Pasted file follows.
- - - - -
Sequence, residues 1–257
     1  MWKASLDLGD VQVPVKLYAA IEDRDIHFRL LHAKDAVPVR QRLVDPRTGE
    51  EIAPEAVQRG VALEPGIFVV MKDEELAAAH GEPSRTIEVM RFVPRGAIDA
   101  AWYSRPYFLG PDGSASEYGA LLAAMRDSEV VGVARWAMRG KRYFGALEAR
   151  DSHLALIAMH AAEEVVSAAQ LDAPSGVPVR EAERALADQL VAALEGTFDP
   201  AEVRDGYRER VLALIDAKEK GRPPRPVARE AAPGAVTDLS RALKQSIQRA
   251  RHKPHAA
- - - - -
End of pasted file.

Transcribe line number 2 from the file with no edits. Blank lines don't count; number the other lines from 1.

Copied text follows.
     1  MWKASLDLGD VQVPVKLYAA IEDRDIHFRL LHAKDAVPVR QRLVDPRTGE